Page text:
Thelxinoe ~ Classics News for October 13, 2022

Hodie est a.d. III Id. Oct. 2775 AUC ~ 18 Pyanepsion in the second year of the 700th Olympiad

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In July 1799 a group of French soldiers stumbled upon a stone that was set to change our understanding of the ancient world. The iconic Rosetta Stone, a stela or inscribed slab, was dug up in the foundations of a fort in the town of Rasheed – a port city east of Alexandria. The Stone was central in kickstarting antiquarians such as Jean-Francois Champollion and Thomas Young down the path of unlocking ancient Egypt’s enigmatic language within just c.20 years of the Stone’s rediscovery. Today, it ranks amongst the most famous artefacts in the world. So what exactly is it? And what does it say? To explain the Rosetta Stone and so much more, Tristan interviews Dr Ilona Regulski, curator of the British Museum’s new exhibition ‘Hieroglyphs Unlocking Ancient Egypt’. Looking at the hieroglyph script and how it was deciphered, alongside key figures in the race to decipherment, such as Jean-Francois Champollion, Thomas Young, William Bankes, it’s an event not to be missed.

We return to the year 437 BCE and the exploits of Aulus Cornelius Cossus. Cossus came to our attention in the aftermath of the colony of Fidenae’s decision to switch their allegiances from Rome to the Etruscans. In this stressful time, the Romans had appointed Mamercus Aemilius as dictator. He led the Roman forces into battle, and it was here that the military tribune of the hour, Cossus, distinguished himself.

In 1942, a forest ranger was hiking on an isolated trail deep in the Himalayas. Rising over 16,000 feet in elevation, he climbed a ridge that looked down a steep-sided funnel of ice and boulders. At the bottom was a small, perfectly circular glacial lake, frozen in a solid blue lens. And there, strewn about the icy, rocky beach, lay skeletons. Hundreds of skeletons. Nobody knew whose bones they were. Theories and folklore would proliferate over the years, but the mystery would remain—and the more scientists found out about Skeleton Lake, the more the mystery deepened.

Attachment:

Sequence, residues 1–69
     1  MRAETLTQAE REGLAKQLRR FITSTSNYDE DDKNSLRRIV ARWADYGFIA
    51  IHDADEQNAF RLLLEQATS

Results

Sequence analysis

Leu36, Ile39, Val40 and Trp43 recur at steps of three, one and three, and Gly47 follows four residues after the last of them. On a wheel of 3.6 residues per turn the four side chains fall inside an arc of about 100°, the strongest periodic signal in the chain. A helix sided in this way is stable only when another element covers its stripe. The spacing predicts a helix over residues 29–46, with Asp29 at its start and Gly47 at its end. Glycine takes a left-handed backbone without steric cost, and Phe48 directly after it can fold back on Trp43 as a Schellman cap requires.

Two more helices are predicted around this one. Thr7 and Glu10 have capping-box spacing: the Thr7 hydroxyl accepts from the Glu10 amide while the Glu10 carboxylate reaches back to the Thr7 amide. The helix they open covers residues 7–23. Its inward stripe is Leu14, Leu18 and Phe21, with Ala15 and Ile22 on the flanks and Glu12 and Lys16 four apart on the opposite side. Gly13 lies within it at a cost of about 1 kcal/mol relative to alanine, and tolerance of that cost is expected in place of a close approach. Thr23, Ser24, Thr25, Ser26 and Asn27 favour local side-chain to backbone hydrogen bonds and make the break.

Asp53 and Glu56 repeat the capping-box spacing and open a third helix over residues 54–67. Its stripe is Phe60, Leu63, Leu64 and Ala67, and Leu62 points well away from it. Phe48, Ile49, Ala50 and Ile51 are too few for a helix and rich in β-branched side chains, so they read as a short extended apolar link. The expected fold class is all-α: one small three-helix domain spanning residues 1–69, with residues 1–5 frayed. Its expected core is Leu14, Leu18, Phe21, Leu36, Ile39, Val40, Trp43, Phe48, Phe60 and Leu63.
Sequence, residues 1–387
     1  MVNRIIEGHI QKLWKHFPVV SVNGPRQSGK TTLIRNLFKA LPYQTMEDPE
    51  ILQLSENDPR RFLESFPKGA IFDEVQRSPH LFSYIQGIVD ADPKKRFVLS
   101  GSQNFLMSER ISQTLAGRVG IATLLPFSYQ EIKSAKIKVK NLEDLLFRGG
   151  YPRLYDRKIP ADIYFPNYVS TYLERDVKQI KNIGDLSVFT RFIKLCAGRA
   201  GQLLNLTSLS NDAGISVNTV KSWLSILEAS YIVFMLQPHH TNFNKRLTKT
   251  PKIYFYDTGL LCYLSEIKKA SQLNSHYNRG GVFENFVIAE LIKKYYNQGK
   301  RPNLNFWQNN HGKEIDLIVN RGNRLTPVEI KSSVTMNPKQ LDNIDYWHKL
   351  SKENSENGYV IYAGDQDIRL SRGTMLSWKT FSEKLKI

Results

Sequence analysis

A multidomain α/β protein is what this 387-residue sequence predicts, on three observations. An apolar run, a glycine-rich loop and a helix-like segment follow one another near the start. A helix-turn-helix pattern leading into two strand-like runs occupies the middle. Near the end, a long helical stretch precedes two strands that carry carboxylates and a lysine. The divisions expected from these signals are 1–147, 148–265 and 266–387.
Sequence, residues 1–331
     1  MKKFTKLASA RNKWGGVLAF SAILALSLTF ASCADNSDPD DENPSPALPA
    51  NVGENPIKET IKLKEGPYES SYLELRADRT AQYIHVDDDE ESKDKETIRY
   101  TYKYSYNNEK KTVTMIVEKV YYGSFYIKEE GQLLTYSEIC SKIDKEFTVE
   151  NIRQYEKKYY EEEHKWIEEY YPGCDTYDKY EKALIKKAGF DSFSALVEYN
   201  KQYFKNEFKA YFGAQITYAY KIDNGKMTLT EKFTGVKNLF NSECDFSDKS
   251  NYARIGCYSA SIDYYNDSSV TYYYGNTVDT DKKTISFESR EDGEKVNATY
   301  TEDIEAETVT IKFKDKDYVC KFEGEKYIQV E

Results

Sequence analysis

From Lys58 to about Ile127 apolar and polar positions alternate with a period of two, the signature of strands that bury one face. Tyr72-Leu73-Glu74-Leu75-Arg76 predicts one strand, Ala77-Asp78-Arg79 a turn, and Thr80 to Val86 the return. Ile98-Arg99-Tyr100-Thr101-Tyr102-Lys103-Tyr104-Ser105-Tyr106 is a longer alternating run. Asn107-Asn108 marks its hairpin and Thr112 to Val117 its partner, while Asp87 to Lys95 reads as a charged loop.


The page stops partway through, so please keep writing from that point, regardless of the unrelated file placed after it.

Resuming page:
Andreas, Clara et Ilsa de anno integro praeterito, de rebus novis deque “imposter syndrome” colloquimur anniversarium nostrum huius seriei celebrantes! Suntne episodia nostra quae praecipue vobis placuerunt? Suntne episodii genera quae audire vultis? Vosne etiam patimini eadem ac nos quod ad nobis minus credendum pertineat? Fac nos certiores per ligamina quae infra describuntur! Gratias maximas vobis agimus quod nostris inceptis per unum integrum annum favetis!

In this episode, I’m exploring the beautiful and powerful Ara Pacis.

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‘Sorting’ Out Your Day:

Today on the Etruscan Brontoscopic Calendar:

If it thunders today, it portends successful business and commerce with prosperity as a result. If someone controls the government with a heavy hand, they will not be strong for very long.

… adapted from the text and translation of:

Jean MacIntosh Turfa, The Etruscan Brontoscopic Calendar, in Nancy Thomson de Grummond and Erika Simon (eds.), The Religion of the Etruscans. University of Texas Press, 2006. (Kindle edition)